In the case of an information blocking violation, the patient may report a claim through the Office of the National Coordinator for Health Information Technology (ONC).  The claim will then be reviewed and passed to the HHS Office of the Inspector General (OIG) who then is responsible for investigating the claims ("Information Blocking FAQ’s").  At this time, there is no penalty for physicians who engage in information blocking; however, there is a $1 million fine per instance for any health IT developers who block information ("Cures Act Information"). Over the next two years, the OIG will outline penalties for physicians as well.    

What are the Exceptions to the Information Blocking Rules?  

While The Cures Act has set out to create more efficient data access for stronger decision making, there are some exceptions to the rule.  These exceptions are meant to “identify reasonable and necessary activities that do not constitute information blocking” and are separated into two distinct classes (“Information Blocking” [Healthit.gov.]). The first is the class of “exceptions that involve not fulfilling requests to access, exchange, or use electronic health information (or EHI)” and the second is “exceptions that involve procedures for fulfilling requests to access, exchange, or use EHI” (“Information Blocking” [Healthit.gov]).  

Class one: Not fulfilling requests to access, exchange, or use electronic health information  

  • Preventing harm: If blocking information prevents harm to a patient or another person, then it is not considered information blocking and penalties will not be administered.  

  • Privacy: If blocking information protects the privacy of a patient (ex. sharing data would violate HIPAA or a state’s privacy law), then it is not considered information blocking and penalties will not be administered.  

  • Security: If blocking information protects the security of a patient’s electronic health information (EHI), then it is not considered information blocking and penalties will not be administered.  

  • Infeasibility: It is not considered information blocking if the request to access, exchange, or use data is infeasible and penalties will not be administered.  

  • Health IT performance: It is not considered information blocking if the data is made temporarily unavailable or if the health IT is degraded in performance for the benefit of the overall performance of the health IT system.  

Class two: Procedures for fulfilling requests to access, exchange, or use EHI  

  • Content and Manner: The actor has the autonomy to decide the manner in which they will fulfill the request to access, exchange or use EHI data.  Additionally, it is not considered information blocking if the actor limits the content of its response to a request to access, exchange or use EHI.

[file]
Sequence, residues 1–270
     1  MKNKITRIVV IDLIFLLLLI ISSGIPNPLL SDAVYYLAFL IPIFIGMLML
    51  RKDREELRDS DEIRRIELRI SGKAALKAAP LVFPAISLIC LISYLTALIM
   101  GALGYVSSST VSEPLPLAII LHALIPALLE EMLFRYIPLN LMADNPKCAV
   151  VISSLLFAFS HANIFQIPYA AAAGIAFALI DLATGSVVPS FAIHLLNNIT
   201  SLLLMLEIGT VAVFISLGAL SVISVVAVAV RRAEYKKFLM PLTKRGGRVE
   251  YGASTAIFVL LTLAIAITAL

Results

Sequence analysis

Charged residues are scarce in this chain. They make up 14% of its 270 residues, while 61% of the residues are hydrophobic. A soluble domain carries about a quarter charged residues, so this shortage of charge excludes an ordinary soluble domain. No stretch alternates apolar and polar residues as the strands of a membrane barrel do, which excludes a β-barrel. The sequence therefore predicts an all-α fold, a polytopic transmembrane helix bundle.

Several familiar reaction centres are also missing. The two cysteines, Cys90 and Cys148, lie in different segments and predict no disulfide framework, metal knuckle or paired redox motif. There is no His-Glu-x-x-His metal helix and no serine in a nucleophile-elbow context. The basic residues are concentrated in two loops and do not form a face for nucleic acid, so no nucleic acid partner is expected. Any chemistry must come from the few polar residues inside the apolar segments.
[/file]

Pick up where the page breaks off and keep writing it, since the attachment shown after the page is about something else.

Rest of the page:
• Fees: It is not considered information blocking if an actor charges fees, including fees that result in a reasonable profit margin, for accessing, exchanging or using electronic health information.   

  • Licensing: It is not considered information blocking if an actor implements licensing technology for accessing, exchanging or using electronic health information (“Information Blocking” [ONC’s Cures Act Final Rule]).

Provided that certain conditions are met, if any of these eight reasons above are compromised in order to comply with data exchange, they are exempt from meeting Information Blocking standards. As challenges to the conditions are brought forward and boundaries are pushed overtime, the conditions may change and the exceptions may evolve.    

 The 21st Century Cures Act strives to foster accessibility, autonomy, and authority to healthcare consumers. As many aspects of The Cures Act focus on the seamless exchange of data, so too must rules be created for clarity.  The Information Blocking Rule reinforces the importance of enabling patients’ access to their personal health records and validates their demands for compliance.  As the Information Blocking rules come to fruition, the benefits intended in the 21st Century Cures Act will have the opportunity to empower the individual and work towards a stronger healthcare system.   


“Cures Act Information Blocking Rule Take Effect”. ForeSee Medical. ForeSee Medical.  26 March, 2021. https://www.foreseemed.com/blog/information-blocking-final-rule.  Accessed 30 September, 2021  

“Information Blocking”.  Healthit.gov. United States Government. 19 March, 2021. https://www.healthit.gov/topic/information-blocking.  Accessed 30 September, 2021  

“Information Blocking”.  ONC’s Cures Act Final Rule. United States Government.  https://www.healthit.gov/curesrule/final-rule-policy/information-blocking.  Accessed 30 September, 2021   

“Information Blocking FAQ’s” ONC’s Cures Act Final Rule. United States Government. https://www.healthit.gov/curesrule/resources/information-blocking-faqs.  Accessed 30 September, 2021